Generally speaking, you are required to complete a "proof of loss" form in which you itemize your items, along with an estimate of fair market value (or replacement value). In most of these losses (e.g. fire loss), the "insured" does not have receipts for their items, and it is unreasonable for the insurer to require a receipt for all of the items. Photographs of the items would be useful, but those are not necessary either. The insurer can take your "examination under oath" also to explore these losses.
As for the value of the items, you can also find comparable items on the Internet (or Wal Mart of whatever) and provide them with that list, to determine value (but this of course does not substantiate that you had the item). At the "end of the day," you may just have your word on these losses.
You do have to cooperate with the insurer, but you are not required to provide a receipt. You may want to keep working with the adjuster and demand payment for the loss. If they don't pay, then you may have to look for a lawyer to represent you. If the insurer has been very unreasonable, then you may even have a claim for "bad faith."
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I have looked into the California case law and other authorities, and I cannot find anything directly on this point. The general authorities I have found indicate that you simply have to offer the same type of proof that you would offer in court, which could be your testimony if you have nothing else.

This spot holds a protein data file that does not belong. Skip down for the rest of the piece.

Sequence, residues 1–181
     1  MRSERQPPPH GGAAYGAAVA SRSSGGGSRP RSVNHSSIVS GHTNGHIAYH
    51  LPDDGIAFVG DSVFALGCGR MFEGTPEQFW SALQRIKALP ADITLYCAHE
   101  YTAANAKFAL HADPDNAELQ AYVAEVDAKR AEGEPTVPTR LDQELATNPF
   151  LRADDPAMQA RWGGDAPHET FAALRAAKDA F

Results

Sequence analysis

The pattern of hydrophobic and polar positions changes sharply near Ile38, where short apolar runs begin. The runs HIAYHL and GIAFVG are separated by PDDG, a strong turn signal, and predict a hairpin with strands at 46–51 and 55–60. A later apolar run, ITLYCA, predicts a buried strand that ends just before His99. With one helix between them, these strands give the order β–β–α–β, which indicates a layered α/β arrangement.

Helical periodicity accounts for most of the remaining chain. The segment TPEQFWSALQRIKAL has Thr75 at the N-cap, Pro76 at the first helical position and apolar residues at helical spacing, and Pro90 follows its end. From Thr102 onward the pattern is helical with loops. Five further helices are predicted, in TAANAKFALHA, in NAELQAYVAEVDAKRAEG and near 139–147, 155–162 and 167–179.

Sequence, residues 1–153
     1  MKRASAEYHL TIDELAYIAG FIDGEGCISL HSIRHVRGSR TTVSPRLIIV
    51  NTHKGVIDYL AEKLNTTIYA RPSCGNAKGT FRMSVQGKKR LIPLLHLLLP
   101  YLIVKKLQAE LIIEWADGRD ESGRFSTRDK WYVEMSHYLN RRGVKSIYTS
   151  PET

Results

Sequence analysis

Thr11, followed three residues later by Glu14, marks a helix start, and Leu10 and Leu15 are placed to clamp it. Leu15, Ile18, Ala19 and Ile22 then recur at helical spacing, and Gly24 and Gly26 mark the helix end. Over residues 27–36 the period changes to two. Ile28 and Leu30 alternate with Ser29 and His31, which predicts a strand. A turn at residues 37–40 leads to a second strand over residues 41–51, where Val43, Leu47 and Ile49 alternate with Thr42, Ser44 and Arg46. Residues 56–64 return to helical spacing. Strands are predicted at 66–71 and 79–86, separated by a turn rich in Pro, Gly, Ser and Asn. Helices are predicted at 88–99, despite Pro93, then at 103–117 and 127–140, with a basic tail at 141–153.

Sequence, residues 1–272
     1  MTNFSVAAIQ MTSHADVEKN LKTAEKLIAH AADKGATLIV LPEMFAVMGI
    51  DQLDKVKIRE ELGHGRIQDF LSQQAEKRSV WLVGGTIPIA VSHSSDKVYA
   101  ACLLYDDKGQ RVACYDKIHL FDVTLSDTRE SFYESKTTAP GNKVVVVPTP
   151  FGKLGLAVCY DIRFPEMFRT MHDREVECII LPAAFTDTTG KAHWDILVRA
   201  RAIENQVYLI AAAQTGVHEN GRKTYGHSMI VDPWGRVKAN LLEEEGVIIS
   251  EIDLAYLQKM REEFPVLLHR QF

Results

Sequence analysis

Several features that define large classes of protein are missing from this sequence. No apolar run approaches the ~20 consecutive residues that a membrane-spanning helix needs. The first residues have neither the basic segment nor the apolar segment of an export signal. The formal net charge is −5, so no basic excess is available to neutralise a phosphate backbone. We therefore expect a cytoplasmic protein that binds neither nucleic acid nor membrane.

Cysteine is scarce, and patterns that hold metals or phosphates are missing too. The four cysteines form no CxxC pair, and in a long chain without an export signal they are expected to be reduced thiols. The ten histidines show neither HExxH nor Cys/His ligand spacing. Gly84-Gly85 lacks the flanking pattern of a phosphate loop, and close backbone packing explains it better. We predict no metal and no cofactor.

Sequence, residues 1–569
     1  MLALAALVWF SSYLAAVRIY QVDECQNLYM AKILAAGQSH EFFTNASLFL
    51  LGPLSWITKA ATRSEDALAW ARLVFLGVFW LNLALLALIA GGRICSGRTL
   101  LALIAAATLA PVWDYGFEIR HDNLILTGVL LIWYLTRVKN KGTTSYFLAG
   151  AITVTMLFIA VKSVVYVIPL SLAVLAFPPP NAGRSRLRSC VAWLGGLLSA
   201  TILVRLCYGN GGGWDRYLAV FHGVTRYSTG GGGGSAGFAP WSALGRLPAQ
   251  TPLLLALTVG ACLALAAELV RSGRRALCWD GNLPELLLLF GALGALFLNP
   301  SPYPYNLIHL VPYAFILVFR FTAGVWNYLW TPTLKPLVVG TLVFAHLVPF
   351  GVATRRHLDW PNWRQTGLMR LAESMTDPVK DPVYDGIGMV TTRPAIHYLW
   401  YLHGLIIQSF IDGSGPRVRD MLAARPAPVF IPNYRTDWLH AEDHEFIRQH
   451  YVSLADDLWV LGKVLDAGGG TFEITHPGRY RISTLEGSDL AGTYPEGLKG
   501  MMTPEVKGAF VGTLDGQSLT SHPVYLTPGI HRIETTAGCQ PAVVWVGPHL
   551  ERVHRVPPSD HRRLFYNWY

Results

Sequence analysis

You probably want to make sure that you have a copy of the policy (the entire policy, not just the "declarations" page e.g.) and see what it says about how you must prove your claim. If the adjuster insists on having a receipt, then you may want to ask him or her to explain to you why they are requesting this, especially for such old items. They do have a duty to deal with you in good faith. It is usually best to not start with threats about your recovering punitive damages from them, but if you have a valid claim, then ultimately they should be concerned about such a claim.
If you were to pursue the claim in court, your sworn testimony would be sufficient to assert your claim. Of course, the finder-of-fact (e.g. jury) could accept or reject your testimony.
If the policy allows the insurer the right to take your "examination under oath," then I generally think it's a good idea to offer to allow them to take such an examination if they have questions about the loss; it tends to make the insurer look more unreasonable if they refuse your offer.
I am sorry that I don't have anything more specific to offer for you to use with the adjuster. Please let me know if you have any more questions.
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